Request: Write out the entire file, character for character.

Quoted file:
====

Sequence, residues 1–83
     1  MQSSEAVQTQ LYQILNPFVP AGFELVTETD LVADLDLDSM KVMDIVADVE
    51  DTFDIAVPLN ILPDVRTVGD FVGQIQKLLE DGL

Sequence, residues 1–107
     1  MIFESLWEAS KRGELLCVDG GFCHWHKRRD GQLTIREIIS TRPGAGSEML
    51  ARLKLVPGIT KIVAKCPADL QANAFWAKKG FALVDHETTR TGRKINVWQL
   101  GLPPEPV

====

Sequence, residues 1–83
     1  MQSSEAVQTQ LYQILNPFVP AGFELVTETD LVADLDLDSM KVMDIVADVE
    51  DTFDIAVPLN ILPDVRTVGD FVGQIQKLLE DGL

Sequence, residues 1–107
     1  MIFESLWEAS KRGELLCVDG GFCHWHKRRD GQLTIREIIS TRPGAGSEML
    51  ARLKLVPGIT KIVAKCPADL QANAFWAKKG FALVDHETTR TGRKINVWQL
   101  GLPPEPV